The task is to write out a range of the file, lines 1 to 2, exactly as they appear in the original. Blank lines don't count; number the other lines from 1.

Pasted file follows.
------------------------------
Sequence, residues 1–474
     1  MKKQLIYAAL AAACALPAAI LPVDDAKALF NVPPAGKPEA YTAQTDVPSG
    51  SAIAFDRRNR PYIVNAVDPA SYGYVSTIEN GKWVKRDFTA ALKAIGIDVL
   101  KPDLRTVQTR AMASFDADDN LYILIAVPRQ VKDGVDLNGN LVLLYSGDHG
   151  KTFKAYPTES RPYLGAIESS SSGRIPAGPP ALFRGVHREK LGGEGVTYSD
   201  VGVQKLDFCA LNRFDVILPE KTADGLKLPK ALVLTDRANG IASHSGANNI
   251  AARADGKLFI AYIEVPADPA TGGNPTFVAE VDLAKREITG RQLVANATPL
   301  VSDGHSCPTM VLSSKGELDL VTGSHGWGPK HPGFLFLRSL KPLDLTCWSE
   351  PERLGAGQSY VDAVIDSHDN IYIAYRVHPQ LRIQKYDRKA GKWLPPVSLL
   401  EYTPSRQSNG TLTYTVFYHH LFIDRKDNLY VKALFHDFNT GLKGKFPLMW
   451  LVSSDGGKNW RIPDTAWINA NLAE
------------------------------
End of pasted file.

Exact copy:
Sequence, residues 1–474
     1  MKKQLIYAAL AAACALPAAI LPVDDAKALF NVPPAGKPEA YTAQTDVPSG